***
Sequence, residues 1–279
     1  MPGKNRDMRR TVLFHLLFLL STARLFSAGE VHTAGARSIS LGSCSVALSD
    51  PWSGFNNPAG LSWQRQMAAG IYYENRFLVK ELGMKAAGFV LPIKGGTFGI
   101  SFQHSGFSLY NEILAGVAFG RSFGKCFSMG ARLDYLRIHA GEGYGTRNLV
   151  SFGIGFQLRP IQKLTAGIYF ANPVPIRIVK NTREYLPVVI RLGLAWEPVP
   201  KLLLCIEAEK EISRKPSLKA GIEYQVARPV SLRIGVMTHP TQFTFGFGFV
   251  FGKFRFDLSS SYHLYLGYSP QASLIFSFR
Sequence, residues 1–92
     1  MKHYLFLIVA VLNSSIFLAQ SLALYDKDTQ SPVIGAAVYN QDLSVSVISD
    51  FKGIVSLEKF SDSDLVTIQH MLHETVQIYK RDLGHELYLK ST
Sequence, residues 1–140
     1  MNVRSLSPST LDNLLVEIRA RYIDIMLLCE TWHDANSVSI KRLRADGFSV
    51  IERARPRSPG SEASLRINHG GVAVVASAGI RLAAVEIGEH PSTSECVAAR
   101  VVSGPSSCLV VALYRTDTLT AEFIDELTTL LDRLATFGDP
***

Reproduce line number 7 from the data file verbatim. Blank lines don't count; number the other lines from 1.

   251  FGKFRFDLSS SYHLYLGYSP QASLIFSFR